The moral contract
In today's rapidly evolving technological landscape, the spirit of free software and open-source projects is being put to the test. As businesses seek ways to monetize their efforts, the balance between maintaining openness and generating revenue has become increasingly complex. In this blog post, we will delve into the challenges faced by the open-source community, exploring various business models, the concept of the "moral contract," and how some companies may be abusing the system.
I will also discuss alternatives like Open Core and fair-use licenses, and whether they align with the initial principles of free software. By examining these issues, I hope to shed light on the ongoing debate and inspire further dialogue on how to preserve the core values of the open-source movement while ensuring its sustainability in the modern era.
This blog post is not about winning a "purity" contest, but rather about understanding and navigating the challenges of upholding the spirit of free software in an era that has evolved significantly since its inception.
🎍 The essence of free software
Before delving into business aspects, it's essential to understand the underlying principles or the "spirit of the law" governing free software. The foundations of free software are evident in the first Free Software license, known as the General Public License (GPL). This license embodies the idea that users should be free to use, copy, modify, and redistribute software, with the source code available to everyone as shared knowledge for all of humanity.
But what was the intention behind these rules? Primarily, Richard Stallman wanted to prevent corporations from taking control of software back in the 1980s. The GPL provided a safeguard against this, as David A. Wheeler explains:
David A. Wheeler argues that the copyleft provided by the GPL was crucial to the success of Linux-based systems, giving the programmers who contributed to the kernel the assurance that their work would benefit the whole world and remain free, rather than being exploited by software companies that would not have to give anything back to the community.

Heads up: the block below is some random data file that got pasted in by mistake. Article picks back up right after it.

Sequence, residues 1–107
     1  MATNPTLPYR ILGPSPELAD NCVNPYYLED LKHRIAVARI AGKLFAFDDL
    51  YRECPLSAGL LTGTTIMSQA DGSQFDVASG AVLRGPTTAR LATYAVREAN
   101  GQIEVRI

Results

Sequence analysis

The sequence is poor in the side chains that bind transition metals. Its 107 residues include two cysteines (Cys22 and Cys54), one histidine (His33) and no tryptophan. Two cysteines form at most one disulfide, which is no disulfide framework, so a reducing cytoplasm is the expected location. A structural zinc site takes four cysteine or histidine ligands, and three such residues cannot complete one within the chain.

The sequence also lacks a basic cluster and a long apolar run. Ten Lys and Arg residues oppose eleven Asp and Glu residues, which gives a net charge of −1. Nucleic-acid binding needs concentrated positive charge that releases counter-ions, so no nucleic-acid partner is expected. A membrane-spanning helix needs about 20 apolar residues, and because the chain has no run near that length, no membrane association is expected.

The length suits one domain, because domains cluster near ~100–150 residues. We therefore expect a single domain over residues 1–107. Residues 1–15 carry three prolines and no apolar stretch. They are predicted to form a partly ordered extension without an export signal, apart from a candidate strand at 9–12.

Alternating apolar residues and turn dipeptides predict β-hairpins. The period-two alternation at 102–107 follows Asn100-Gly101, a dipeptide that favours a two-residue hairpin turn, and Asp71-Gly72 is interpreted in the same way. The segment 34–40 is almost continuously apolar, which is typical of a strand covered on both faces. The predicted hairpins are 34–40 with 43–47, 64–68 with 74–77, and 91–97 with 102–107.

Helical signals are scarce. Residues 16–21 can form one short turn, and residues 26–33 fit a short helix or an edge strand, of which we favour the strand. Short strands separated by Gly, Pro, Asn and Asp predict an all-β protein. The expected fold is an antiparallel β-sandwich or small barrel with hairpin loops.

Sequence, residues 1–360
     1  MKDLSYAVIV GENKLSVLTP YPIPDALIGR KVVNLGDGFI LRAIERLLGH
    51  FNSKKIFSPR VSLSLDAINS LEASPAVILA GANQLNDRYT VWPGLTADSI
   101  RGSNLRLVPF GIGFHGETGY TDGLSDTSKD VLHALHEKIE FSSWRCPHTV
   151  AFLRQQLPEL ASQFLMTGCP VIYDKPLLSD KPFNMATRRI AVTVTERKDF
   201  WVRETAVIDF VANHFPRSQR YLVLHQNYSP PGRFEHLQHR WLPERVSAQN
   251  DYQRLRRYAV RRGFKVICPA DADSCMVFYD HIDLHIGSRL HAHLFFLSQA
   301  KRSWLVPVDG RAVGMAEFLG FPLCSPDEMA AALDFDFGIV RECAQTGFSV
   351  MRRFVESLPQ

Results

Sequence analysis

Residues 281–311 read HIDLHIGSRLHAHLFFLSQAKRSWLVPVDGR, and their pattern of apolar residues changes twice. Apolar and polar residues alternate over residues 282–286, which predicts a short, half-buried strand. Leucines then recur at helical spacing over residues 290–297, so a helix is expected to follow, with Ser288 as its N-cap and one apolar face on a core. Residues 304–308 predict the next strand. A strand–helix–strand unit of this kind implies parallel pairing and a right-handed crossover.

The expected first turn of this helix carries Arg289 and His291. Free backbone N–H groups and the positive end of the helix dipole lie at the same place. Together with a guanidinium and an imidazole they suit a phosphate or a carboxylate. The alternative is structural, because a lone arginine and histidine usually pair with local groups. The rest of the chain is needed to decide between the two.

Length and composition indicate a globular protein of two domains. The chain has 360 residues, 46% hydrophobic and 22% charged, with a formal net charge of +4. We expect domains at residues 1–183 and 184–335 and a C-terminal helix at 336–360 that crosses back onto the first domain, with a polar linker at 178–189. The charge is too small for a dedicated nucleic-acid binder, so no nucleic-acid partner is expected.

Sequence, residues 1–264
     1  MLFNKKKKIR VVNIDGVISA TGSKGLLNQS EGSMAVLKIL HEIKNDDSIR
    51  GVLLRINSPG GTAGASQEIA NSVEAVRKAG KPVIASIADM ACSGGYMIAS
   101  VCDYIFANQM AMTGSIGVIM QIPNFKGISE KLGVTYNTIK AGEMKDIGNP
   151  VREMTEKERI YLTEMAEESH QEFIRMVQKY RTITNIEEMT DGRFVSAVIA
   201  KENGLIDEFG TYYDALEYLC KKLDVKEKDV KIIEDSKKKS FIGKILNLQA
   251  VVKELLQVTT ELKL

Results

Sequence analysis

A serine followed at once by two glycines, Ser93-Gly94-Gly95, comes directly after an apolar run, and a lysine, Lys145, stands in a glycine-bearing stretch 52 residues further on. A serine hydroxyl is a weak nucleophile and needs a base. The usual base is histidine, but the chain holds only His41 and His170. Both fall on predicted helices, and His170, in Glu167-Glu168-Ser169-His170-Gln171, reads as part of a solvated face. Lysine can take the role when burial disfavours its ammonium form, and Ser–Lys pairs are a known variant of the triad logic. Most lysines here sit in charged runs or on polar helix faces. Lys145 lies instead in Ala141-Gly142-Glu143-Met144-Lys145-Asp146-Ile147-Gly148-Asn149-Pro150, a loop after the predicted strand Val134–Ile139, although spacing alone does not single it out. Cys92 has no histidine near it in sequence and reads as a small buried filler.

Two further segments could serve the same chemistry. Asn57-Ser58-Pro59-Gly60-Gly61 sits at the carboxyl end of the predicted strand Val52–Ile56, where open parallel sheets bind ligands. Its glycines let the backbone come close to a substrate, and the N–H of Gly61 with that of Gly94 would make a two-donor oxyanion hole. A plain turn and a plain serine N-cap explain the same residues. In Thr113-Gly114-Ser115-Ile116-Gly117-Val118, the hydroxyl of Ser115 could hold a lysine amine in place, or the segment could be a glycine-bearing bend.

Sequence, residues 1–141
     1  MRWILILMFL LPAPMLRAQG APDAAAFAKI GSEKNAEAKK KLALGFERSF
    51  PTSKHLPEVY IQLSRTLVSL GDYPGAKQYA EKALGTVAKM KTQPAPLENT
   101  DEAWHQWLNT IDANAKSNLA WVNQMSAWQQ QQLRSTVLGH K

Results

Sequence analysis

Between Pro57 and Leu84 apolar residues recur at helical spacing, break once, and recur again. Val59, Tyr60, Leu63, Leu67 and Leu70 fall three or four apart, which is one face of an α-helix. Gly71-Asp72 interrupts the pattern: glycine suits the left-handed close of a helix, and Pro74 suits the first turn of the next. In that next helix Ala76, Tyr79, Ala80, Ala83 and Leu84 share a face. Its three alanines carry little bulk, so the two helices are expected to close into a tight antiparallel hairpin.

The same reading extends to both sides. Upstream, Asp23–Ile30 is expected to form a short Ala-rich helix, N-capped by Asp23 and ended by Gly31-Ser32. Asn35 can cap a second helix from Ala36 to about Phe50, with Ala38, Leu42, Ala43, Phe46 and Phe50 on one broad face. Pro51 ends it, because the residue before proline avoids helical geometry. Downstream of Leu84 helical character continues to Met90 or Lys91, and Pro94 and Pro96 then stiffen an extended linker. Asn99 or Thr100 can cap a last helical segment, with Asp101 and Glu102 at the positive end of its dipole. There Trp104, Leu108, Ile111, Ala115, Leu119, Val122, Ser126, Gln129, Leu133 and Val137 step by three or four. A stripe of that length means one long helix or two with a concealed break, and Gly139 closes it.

To me, this statement encapsulates the essence of free software: using it as desired while contributing to the greater good.
The concept of giving back may seem naive to some, but I believe it forms the foundation of cooperation, which in turn enables us to progress efficiently as a group, civilization, or society. This core personal belief of mine is arguably supported by scientific evidence, although this article is not a scientific paper.
Despite the evolution of licensing rules (e.g., via the Affero General Public License v3 or other licenses), some corporations persistently attempt to exploit or circumvent them for personal gain. If the majority of companies follow suit, it could threaten the existence of free software as we know it. With that in mind, let's return to our central topic: generating revenue from open-source projects without compromising the spirit of free software.
💰 Open Source, business & collaboration
Open Source and Free Software are not solely the domain of hobbyists. While hobbyists play a crucial role in kickstarting ideas, developing innovative proofs of concept, and creating exceptional software, larger projects often require more extensive features, support, and bug fixes. These demands are typically addressed by teams backed by companies or charities. For instance, the Linux kernel is partially supported by the Linux Foundation, with Linus Torvalds leading the project.
One advantage of having an organization working on software, as opposed to an individual or multiple individuals from different entities, is the increased efficiency in release speed and decision-making. With a dedicated team, collaboration is often quicker, and clear choices can be made when there is a primary editor or a designated person to resolve issues or make decisions. A fitting analogy would be a multi-state military program, where it can be more challenging and costly to achieve results compared to having a single leader or a single-country program.
Ultimately, Open Source and business can coexist harmoniously. In fact, the infusion of financial resources allows for hiring more people, expanding projects, and improving quality.